Salmonella enterica sv. Typhi (S. Typhi) is the etiologic agent of typhoid fever in humans and can cause life-threatening infection in normal hosts. Current typhoid vaccines are only moderately immunogenic and protective. Improvements in vaccine technology have been constrained by the lack of a small animal model. S. Typhi is highly adapted to humans and fails to cause progressive infection in normal mice. S. Typhimurium- murine interactions are used to model S. Typhi-human interactions, but murine typhoid and human typhoid exhibit major differences in both pathogen and host determinants. In the application, we report a breakthrough in the development of a small animal model for the study of human typhoid fever, using NOD-scid IL2rgamma null mice engrafted with CD34+ human hematopoietic stem cells from T-cell depleted umbilical cord blood. In preliminary studies, we have shown that S. Typhi Ty2 can replicate in vivo within engrafted mice following intraperitoneal inoculation to cause lethal infection that recapitulates crucial features of human typhoid. In contrast, S. Typhi is unable to cause productive infection in non-engrafted NOD-scid IL2rgamma null animals or immunocompetent NOD controls. This application describes a pilot project to evaluate this new model and rigorously test the hypothesis that S. Typhi requires human mononuclear cells to replicate in vivo.
The specific aims of the project are: 1.Chacterization of the Humanized Mouse Typhoid Model. The novel model will be characterized using microbiologic, histopathologic, and flow cytometric methods to define the course of infection, innate immune response, and importance of apoptosis. 2. Identification of S. Typhi Genes Required for Replication in Humanized Mice. A microarray-based method will be used to identify transposon mutations that impair S. Typhi virulence. Our model provides an unprecedented opportunity to gain new insights into typhoid pathogenesis, identify new S. Typhi vaccine candidates and devise new strategies for the prevention of S. Typhi infections.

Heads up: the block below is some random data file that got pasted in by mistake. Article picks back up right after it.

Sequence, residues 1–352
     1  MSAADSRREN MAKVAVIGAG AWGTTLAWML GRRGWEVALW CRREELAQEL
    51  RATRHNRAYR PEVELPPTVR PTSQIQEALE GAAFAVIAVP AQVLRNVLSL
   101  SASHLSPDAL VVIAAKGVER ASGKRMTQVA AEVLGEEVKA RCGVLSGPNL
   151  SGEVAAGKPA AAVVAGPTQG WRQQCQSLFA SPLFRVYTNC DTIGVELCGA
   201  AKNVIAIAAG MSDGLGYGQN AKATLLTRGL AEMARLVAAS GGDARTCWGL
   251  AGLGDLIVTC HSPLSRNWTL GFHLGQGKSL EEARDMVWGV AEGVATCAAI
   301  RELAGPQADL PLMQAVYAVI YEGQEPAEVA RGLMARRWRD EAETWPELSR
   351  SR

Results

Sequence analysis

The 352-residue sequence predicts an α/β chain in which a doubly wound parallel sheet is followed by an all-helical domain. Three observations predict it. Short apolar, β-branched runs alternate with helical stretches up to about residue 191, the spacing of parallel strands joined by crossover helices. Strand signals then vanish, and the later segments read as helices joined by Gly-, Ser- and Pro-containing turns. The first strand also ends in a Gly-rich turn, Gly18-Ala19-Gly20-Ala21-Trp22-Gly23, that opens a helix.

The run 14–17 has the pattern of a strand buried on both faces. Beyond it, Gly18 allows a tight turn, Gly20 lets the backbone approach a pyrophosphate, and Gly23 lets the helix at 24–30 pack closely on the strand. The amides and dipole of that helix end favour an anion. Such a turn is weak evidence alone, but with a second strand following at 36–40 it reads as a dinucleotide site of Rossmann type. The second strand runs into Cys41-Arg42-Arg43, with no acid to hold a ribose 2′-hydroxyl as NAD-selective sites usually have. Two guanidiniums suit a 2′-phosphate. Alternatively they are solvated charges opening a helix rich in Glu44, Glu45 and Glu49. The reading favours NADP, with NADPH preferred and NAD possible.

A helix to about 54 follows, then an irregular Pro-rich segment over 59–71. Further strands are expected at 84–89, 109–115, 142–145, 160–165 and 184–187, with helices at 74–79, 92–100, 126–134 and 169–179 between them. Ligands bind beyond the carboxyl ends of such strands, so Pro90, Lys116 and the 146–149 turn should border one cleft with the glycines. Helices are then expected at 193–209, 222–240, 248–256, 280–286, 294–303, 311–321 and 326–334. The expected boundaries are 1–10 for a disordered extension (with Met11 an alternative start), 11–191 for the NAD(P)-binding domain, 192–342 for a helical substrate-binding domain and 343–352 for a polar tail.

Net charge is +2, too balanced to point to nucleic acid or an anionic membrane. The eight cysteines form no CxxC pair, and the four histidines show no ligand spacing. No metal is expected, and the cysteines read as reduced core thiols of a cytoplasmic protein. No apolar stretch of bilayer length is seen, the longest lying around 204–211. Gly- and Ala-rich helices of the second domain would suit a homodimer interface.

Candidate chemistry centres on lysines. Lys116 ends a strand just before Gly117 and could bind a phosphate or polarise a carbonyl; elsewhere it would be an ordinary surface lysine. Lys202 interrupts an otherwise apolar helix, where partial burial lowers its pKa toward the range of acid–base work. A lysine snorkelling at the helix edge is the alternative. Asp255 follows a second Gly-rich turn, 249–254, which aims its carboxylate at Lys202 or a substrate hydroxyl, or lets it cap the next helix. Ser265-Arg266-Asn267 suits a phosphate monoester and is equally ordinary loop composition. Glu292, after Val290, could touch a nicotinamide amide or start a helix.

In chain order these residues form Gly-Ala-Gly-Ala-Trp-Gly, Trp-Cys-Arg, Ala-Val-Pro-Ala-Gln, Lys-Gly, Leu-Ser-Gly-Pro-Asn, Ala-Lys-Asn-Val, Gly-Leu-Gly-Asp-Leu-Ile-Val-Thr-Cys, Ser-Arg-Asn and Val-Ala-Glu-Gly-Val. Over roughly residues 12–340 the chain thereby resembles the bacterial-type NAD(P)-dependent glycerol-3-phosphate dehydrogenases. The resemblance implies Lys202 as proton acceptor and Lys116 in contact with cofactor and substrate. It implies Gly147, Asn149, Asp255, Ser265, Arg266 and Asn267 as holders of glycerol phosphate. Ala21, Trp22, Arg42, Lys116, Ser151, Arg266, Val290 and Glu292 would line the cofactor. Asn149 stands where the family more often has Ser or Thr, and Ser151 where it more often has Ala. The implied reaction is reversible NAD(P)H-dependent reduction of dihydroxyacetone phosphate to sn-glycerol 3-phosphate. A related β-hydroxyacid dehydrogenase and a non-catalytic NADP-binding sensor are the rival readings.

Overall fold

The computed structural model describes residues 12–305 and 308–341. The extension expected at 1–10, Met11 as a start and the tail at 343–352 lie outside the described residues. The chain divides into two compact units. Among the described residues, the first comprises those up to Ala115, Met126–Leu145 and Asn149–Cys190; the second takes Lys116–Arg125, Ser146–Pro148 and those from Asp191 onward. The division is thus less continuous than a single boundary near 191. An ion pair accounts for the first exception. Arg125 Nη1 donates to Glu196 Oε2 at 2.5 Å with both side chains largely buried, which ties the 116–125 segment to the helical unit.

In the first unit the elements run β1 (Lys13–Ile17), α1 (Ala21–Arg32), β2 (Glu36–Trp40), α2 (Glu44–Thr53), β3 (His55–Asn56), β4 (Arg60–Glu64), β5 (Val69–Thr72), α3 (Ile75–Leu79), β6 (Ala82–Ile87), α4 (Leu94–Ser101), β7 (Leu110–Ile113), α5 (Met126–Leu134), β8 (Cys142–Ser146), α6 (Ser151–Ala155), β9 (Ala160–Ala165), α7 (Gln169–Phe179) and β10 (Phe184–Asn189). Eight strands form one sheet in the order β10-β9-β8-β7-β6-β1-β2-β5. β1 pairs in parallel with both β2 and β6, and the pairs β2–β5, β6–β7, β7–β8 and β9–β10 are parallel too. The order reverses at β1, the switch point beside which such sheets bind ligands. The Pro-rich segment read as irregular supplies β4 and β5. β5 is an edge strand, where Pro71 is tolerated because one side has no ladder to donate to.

Public Health Relevance

The goals of this proposal are to characterize a novel humanized mouse model of human typhoid and to use this model to identify genetic determinants of Salmonella Typhi virulence. A small animal model that mimics human typhoid represents a major advance toward the development of more effective typhoid vaccines. Public Health Statement: Salmonella Typhi remains a serious human pathogen, estimated to cause 16,000,000 infections each year and resulting in more than 600,000 deaths. The two currently available typhoid vaccines are not completely effective and provide only short-term protection. Typhoid vaccine development has been constrained by the lack of a small animal model. In this application, we report the breakthrough development of a humanized mouse model that recapitulates critical aspects of human typhoid. Salmonella Typhi is able to replicate in mice engrafted with human immune cells obtained from umbilical cord blood, producing a progressive lethal infection. For the first time, this provides an experimental system to analyze the host and microbial determinants of clinical outcomes in typhoid fever. The studies described in this proposal will provide new insights into the interaction of S. Typhi with the human immune system and identify new strategies for the construction of safe and effective typhoid vaccines.

National Institute of Health (NIH)
National Institute of Allergy and Infectious Diseases (NIAID)
Exploratory/Developmental Grants (R21)
Project #
Application #
Study Section
Special Emphasis Panel (ZRG1-IDM-A (80))
Program Officer
Alexander, William A
Project Start
Project End
Budget Start
Budget End
Support Year
Fiscal Year
Total Cost
Indirect Cost
University of Washington
Schools of Medicine
United States
Zip Code
Casadevall, Arturo; Fang, Ferric C; Pirofski, Liise-Anne (2011) Microbial virulence as an emergent property: consequences and opportunities. PLoS Pathog 7:e1002136
Fang, Ferric C (2011) Antimicrobial actions of reactive oxygen species. MBio 2: